The Best Haircut I’ve Had on my Travels

I spent November in Istanbul, in awe of the evocative, beautiful architecture and delicious food.  I also got a much-needed haircut. When I finally left England for some consulting work in Amman, I could have booked a flight through one of the countries in the Gulf, or via Istanbul. It was slightly more expensive to fly through Turkey, but my friends Cheri and Nick were going to be in town and I really wanted to see them. Also, I needed another haircut. So I returned to what has quickly become one of my favourite cities for 4 nights before continuing on to Jordan.

my hairdresser in Istanbul is right near Sulemaniye mosque
Sulemaniye Mosque, Istanbul, shot through a pinhole

My reason: a hairdresser in Istanbul

While not the usual Myanmar photoessays or posts about Morocco, I wanted to write this short piece to provide a ringing endorsement for my tiny salon in Sultanahmet. Yes, it is slightly ridiculous that I hopped over to a whole new country for a haircut and a few drinks with friends. But having had my locks sheared to bits by a Thai hairdresser and shredded by an Ecuatorian hairdresser, I was fairly excited to find this lovely lady, Sevgi, to cut my hair.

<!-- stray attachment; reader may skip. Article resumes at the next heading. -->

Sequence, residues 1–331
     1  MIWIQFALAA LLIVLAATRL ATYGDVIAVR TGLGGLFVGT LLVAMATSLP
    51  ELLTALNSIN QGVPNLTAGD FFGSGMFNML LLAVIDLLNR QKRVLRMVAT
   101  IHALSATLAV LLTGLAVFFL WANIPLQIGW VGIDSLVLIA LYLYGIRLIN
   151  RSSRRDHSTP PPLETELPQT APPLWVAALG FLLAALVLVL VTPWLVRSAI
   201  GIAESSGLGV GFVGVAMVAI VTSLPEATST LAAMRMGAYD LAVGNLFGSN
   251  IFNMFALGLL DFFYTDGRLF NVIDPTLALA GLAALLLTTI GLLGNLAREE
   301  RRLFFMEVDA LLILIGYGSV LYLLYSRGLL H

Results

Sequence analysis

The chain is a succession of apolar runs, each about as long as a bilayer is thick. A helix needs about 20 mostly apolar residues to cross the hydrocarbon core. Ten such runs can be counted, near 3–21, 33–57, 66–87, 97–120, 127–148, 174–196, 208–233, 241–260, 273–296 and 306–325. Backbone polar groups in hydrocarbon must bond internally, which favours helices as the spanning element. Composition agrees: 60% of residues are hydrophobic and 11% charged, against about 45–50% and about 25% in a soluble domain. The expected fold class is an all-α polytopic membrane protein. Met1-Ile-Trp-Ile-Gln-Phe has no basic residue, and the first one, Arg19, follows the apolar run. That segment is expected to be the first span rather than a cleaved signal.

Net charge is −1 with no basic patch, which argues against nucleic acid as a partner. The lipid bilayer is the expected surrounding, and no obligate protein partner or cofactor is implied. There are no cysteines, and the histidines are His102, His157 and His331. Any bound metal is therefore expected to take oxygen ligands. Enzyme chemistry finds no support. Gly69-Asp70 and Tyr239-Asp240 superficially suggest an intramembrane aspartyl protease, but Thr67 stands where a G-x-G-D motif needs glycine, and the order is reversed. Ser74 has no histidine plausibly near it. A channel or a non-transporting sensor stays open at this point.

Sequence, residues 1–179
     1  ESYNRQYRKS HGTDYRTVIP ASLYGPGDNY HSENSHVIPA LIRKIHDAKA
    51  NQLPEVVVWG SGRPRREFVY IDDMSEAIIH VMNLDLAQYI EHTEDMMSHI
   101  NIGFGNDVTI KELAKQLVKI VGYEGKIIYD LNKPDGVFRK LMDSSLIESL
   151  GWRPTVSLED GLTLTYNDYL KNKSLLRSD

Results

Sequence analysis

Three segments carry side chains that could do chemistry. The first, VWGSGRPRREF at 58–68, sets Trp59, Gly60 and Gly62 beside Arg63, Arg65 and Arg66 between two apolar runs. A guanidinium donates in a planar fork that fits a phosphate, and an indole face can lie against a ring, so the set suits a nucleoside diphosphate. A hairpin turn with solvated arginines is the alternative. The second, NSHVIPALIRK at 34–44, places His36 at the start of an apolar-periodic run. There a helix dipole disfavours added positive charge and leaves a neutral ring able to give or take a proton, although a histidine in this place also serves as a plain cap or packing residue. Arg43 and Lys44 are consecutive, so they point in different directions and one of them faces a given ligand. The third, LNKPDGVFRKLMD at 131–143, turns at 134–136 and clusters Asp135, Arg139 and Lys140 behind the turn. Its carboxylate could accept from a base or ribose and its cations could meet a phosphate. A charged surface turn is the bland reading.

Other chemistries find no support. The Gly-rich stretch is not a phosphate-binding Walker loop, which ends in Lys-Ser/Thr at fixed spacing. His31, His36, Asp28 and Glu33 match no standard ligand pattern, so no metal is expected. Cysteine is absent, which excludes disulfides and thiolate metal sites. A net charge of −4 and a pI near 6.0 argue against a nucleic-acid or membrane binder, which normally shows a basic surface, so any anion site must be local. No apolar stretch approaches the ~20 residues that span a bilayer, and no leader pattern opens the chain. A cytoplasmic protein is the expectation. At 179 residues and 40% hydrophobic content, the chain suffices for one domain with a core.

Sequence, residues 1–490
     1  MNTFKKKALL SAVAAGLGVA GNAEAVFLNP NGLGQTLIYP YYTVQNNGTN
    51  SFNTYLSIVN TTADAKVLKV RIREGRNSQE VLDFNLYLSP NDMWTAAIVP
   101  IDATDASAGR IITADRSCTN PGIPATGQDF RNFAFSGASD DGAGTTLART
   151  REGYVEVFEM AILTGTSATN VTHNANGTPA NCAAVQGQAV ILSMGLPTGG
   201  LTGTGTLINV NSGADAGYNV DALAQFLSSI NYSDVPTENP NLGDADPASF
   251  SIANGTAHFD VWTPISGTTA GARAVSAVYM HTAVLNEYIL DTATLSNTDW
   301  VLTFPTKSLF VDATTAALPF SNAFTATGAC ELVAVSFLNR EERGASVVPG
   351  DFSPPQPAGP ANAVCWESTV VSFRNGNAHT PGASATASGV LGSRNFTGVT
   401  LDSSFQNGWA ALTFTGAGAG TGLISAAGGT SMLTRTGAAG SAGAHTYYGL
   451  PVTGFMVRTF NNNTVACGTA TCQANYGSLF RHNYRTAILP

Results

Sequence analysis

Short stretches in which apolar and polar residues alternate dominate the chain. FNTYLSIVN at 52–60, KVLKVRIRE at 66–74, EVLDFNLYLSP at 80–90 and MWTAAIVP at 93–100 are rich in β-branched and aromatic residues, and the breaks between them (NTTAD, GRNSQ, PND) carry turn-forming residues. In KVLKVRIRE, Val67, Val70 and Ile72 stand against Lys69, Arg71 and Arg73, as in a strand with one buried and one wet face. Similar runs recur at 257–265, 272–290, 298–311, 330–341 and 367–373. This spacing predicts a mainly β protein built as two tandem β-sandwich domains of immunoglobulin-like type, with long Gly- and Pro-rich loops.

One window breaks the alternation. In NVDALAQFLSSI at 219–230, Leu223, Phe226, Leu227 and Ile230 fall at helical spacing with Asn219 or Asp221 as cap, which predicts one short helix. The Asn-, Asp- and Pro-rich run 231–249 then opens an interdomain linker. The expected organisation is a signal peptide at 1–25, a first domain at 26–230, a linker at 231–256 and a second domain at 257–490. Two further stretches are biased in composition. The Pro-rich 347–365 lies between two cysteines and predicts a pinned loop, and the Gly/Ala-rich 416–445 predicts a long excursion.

hairdresser in istanbul in Sultanahmet
Post-haircut smiles

The salon has a man’s shaving and haircut room in the front, and a separate door to lead into the women’s part of the building at the back. It’s a five second walk from Agora Hostel where I tend to stay (personally recommended by a friend and a wonderful base to explore the city) and two extra minutes of walking will put you directly between the Blue Mosque and Ayasofia. Not a bad place to pop in and get a trim.